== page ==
May 1, 2013 | Irish

Studying Irish

The first question: what to call it?

In recent months, when I have told people I will be studying Irish, I have gotten some confused looks.

An Irish Bar in Midtown. I believe the name means 'Land of Youth.'

An Irish Bar in Midtown. I believe the name means ‘Land of Youth.’

“Do you mean Gaelic?” I have been asked. Another question I have gotten is: “What’s the difference between that and Gaelic?” 

I was pretty sure “Irish” was the best term to describe my language-learning intention, but have not been well equipped to explain the terminology, so that’s where I will start now.

The language is referred to in three ways in English: “Irish,” “Irish Gaelic,” or just “Gaelic.” 

Gaelic is ambiguous, because there are three main versions of Gaelic. One is Scottish Gaelic, and one is Irish Gaelic, both of them living languages. The third is Manx Gaelic, spoken historically on the Isle of Man. The last native speaker of it died in 1974, but I have read it is being revived.

Scottish Gaelic and Irish Gaelic are closely related. I gather that a speaker of a Scottish Gaelic dialect and a speaker of an Irish Gaelic dialect would not at first necessarily understand each other, but that, if not, mutual intelligibility could be achieved without too much effort. 

At Barnes & Noble a few weeks back I almost bought a book on Gaelic, but then I noticed that the writer was from Scotland. I put the book back on the shelf, which I think was the correct choice given my wish to learn the Irish language. I imagine I am not the only would-be Irish student to be confused about language-learning materials in this way.

Anyway, if you are talking to someone outside Ireland, the easiest way to make clear what language you are studying is to use the term “Irish Gaelic,” but I have read that that’s really just to help people who don’t realize “Irish” can describe a language. People in Ireland would normally refer to just “Irish.”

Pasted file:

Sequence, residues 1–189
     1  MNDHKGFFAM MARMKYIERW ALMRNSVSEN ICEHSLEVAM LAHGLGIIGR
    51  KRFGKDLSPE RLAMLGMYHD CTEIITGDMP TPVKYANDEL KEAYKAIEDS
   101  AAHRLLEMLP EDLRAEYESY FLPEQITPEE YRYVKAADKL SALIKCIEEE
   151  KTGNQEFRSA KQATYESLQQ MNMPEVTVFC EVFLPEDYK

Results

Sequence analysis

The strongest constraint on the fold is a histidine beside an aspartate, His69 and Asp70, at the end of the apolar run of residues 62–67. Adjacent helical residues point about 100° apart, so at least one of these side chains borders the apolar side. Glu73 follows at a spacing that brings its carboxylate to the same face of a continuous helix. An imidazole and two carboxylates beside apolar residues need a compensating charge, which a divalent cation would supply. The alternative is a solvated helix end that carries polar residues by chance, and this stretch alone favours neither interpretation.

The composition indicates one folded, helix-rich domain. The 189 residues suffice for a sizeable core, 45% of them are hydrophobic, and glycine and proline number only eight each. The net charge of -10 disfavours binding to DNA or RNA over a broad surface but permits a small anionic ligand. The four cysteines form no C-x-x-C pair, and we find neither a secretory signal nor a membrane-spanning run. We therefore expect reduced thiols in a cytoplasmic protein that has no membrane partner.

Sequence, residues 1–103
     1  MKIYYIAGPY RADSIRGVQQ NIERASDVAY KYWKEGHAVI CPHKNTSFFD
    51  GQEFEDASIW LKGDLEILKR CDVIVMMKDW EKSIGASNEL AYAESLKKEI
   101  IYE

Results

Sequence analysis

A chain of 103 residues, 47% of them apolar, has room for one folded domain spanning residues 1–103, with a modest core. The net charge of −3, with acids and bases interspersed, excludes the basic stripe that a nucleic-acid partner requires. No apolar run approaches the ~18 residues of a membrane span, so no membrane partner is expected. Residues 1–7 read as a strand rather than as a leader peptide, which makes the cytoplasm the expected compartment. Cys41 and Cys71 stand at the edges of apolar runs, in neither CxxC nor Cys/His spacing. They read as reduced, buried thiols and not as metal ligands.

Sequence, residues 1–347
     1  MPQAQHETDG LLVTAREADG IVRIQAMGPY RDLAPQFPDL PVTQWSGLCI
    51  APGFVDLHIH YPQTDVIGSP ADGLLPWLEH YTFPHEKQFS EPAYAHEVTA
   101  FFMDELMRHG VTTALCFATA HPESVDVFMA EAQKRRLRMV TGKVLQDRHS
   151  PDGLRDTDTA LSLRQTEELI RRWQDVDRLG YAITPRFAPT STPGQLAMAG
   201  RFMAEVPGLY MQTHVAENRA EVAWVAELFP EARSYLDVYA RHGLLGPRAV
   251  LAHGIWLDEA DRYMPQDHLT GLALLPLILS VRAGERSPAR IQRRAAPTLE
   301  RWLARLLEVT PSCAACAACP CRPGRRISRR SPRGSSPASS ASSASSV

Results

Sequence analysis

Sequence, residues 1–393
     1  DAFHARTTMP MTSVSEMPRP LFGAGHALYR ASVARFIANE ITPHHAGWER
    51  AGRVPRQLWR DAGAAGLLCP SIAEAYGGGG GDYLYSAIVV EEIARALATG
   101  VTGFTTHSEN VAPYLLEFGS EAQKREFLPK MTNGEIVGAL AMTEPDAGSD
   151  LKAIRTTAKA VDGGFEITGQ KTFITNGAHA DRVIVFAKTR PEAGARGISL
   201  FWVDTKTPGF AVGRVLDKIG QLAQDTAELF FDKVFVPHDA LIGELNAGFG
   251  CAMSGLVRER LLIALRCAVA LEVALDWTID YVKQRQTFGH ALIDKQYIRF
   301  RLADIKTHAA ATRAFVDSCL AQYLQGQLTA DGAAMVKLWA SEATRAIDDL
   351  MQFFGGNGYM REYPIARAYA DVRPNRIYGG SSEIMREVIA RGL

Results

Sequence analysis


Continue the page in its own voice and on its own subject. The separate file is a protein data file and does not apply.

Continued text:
I am open to corrections on any of these points, but this is what I have gathered to date on the question of terminology.

From here on out I will refer to the language as “Irish.”

Comments (6)

John Burton • Posted on Wed, June 12, 2013 - 1:09 pm EST

Hi Ellen

When I was in a gaeltacht in County Kerry, the proprietress of the B&B said that she understood girls speaking Scottish Gaelic (or what I think is usually called “Gaelic”) better than girls who came from Donegal.  As you know, the Munster, Donegal and Connacht dialects of Irish can be quite different.

You probably know this too, but there are two branches of the Celtic languages, Gaelic and Brythonic.  Irish and Scottish, along with the last speak of Manx who died in the 1970s (I think) are the Gaelic branch, while Welsh, Breton (now spoken in Brittany) and the last speaker of Cornish (died in the 1800s, or maybe I have that backwards) or the Brythonic branch.  Side by side, Irish and Welsh look almost completely different.

Robert Nielsen • Posted on Wed, July 02, 2014 - 12:10 pm EST

Hi Ellen, the easiest way to explain the difference is that everyone from Ireland calls it Irish and everyone else calls it Gaelic.

Claire • Posted on Tue, July 08, 2014 - 6:59 pm EST

Very belatedly catching up on your Irish language adventure. I’m an Irish teacher who travels a lot.

When I meet Americans the conversation usually goes like this:

Them: What do you do?
Me: I teach Irish.
Them: *confused scrunchy face*
Me: What you call Gaelic.
Them: Ahhhh

But at least Americans know a separate language exists. Some people think I teach people how to speak English with an Irish accent….

Ellen Jovin • Posted on Tue, July 08, 2014 - 8:16 pm EST

Hm, there are plenty of Americans who think that Irish is English with an Irish accent!

I loved your short play, Claire. Especially the “confused scrunchy face.” He he he.

Steve Pepper • Posted on Wed, December 03, 2014 - 10:20 am EST

I believe there’s a difference in pronunciation. Gaelic pronounced “gay-lick” means Irish Gaelic, Gaelic pronounced “gal-lick” means Scots Gaelic.

Ellen Jovin • Posted on Wed, December 03, 2014 - 9:18 pm EST

So interesting! Thank you, Steve!

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